Following the annexation of the Autonomous Republic of Crimea and Sevastopol by Russia in March 2014, the European Union introduced economic sanctions targeting the annexed region (Council Regulation No 692/2014). These economic sanctions, in particular, prohibit selling, supplying, transferring, or exporting of goods and technology suited for use in the energy sector to Crimean companies or for use in Crimea. These restrictions apply to companies incorporated in any EU member state, as well as to any company which does all or part of its business within the EU. These sanctions hindered Russia’s construction of two power plants in Crimea; projects of great significance for Russia from strategic, political and reputational standpoints. However, the design of the power plants specifically included the use of Siemens gas turbines; alternative turbines could not be used without substantial alterations to the project.
In March 2015, open joint-stock company Technopromexport (TPE OJSC) – an affiliate of the Russian state-owned conglomerate Rostec – entered into an agreement with a Siemens joint venture based in St Petersburg (Siemens Gas Turbines Technologies LLC, Siemens Russia) for the sale and purchase of gas turbines. The agreement provided that the turbines had to be produced by Siemens Russia, and that they were intended to be used for the construction of a power plant in the Taman peninsula in the south of Russia, which is only 16 km away from Crimea. These provisions aimed to mitigate the risk that Siemens would be in violation of European sanctions against Crimea. In October 2015, TPE OJSC resold the gas turbines to another Rostec-affiliated company – Technopromexport LLC (“TPE LLC”) – in charge of the construction of power plants in Crimea. The latter transaction became public in July 2017 when Reuters reported that the Siemens gas turbines were about to be installed in Crimea.
Litigation in Russian courts
After Siemens discovered that the gas turbines had ended up in Crimea, in violation of the initial agreement with Siemens Russia, both Siemens Russia and Siemens AG (Siemens Germany) brought two lawsuits before the Moscow Commercial Court. In both legal proceedings, Siemens asked the court to invalidate the sequence of transactions that resulted in the gas turbines being delivered to Crimea contrary to the will and without the knowledge of Siemens Russia. The companies argued that Siemens Russia concluded the initial sale and purchase agreement under the impact of ”sufficient delusion and fraud”. These circumstances constitute grounds for voiding contracts under Russian law. The invalidation of the agreements which facilitated the transfer of gas turbines to Crimea would lead to full restitution and the return of the turbines to Siemens Russia. In addition, Siemens Germany requested the court to seize the gas turbines and impose an injunction on their installation.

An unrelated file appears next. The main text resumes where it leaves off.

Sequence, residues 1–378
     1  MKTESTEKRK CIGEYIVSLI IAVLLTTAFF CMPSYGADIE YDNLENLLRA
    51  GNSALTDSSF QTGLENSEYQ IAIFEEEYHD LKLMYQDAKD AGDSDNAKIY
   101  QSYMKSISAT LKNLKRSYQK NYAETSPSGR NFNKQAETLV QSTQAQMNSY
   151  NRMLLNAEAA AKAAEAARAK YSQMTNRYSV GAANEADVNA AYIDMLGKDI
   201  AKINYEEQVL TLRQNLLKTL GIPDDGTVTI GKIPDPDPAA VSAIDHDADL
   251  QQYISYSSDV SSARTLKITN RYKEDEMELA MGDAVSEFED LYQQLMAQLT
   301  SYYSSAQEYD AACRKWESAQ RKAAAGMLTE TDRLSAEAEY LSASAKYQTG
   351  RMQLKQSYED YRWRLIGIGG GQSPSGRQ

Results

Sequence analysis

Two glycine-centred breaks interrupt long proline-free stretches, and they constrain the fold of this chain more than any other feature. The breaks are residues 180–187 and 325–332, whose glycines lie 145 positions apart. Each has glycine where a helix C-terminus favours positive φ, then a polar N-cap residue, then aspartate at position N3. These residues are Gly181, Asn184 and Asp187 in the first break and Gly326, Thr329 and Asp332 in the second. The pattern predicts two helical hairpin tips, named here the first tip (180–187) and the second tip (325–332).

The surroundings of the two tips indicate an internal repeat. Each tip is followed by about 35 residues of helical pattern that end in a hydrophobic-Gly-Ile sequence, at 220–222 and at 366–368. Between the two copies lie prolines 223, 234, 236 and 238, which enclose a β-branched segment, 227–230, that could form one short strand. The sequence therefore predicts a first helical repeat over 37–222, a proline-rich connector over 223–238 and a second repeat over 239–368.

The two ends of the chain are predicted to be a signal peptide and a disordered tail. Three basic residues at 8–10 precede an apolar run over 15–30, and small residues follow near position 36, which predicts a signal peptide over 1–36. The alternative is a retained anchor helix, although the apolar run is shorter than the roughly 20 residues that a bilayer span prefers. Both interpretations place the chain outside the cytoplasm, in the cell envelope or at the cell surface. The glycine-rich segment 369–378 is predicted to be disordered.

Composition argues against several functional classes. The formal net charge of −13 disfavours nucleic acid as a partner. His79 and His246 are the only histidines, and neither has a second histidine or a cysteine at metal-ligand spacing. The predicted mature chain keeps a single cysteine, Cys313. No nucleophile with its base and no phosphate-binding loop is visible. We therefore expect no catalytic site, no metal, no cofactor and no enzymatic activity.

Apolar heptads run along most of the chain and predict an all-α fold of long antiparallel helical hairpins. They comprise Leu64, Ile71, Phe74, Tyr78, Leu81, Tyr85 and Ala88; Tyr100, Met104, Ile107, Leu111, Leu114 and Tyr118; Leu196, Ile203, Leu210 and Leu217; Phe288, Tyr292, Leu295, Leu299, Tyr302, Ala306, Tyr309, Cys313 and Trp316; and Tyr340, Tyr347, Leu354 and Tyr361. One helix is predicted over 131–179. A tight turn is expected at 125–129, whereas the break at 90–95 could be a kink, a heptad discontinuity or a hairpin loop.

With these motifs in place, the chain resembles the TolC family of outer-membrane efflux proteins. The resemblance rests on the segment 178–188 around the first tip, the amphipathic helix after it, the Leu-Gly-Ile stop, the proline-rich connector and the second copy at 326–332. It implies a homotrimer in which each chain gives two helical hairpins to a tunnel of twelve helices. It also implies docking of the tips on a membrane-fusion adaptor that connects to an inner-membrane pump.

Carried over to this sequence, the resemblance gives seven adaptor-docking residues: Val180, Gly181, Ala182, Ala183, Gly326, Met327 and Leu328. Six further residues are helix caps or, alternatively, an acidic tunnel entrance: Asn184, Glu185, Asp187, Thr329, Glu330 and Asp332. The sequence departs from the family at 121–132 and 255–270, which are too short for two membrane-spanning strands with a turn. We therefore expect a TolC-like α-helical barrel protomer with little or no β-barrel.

The Moscow Commercial Court rejected both lawsuits, having already denied Siemens’ request for interim measures. Siemens’ subsequent appeal of the denial of interim measures was also rejected.
In its 21 December 2017 judgment, the court confirmed that the geographic limitations in the relevant agreement stipulating where the turbines could be used, were lawful, even if their only purpose was to ensure compliance with European sanctions against Russia. However, in its 17 January 2018 judgment, the court noted that, as a Russian legal entity, Siemens Russia had no obligation to comply with the European sanctions. Notably, the court found that the main consequence of granting Siemens’ claims would be de jure application of economic sanctions introduced by the European Union on the territory of the Russian Federation. This, in the court’s opinion, would damage the sovereignty of the Russian state and thus ”clearly contradict” the foundations of public order of the Russian Federation.
Siemens Russia has filed an appeal to this judgment, and a hearing is scheduled for 1 March 2018.
The Siemens Russia case illustrates the risks European companies face when conducting business in Russia, either directly or through local subsidiaries.
Imposing adequate contractual limitations and obligations on your counterparty to mitigate the risk of non-compliance with applicable sanctions remains a compliance measure widely recognised by enforcement authorities. However, the Siemens case demonstrates that these measures alone only offer a limited scope of protection. This is especially relevant in a politically sensitive dispute touching upon the sovereignty of a sanctioned country. Although the Russian judiciary is particularly prone to political influence, other jurisdictions targeted by sanctions imposed by foreign states or entities are likely to be similarly protective of their legal and public order.
For this reason, conducting a due diligence investigation of all transactions, including all relevant parties and the end use or end user of the goods or services involved, is ever more important. It is also crucial to pay close attention to, and act on, transactions which raise ‘red flags’, including the geographic proximity of the destination of goods to the sanctioned territory.
It is unclear whether German authorities are currently investigating the Siemens case, or if they intend to do so in the future. We will keep you informed of the latest developments.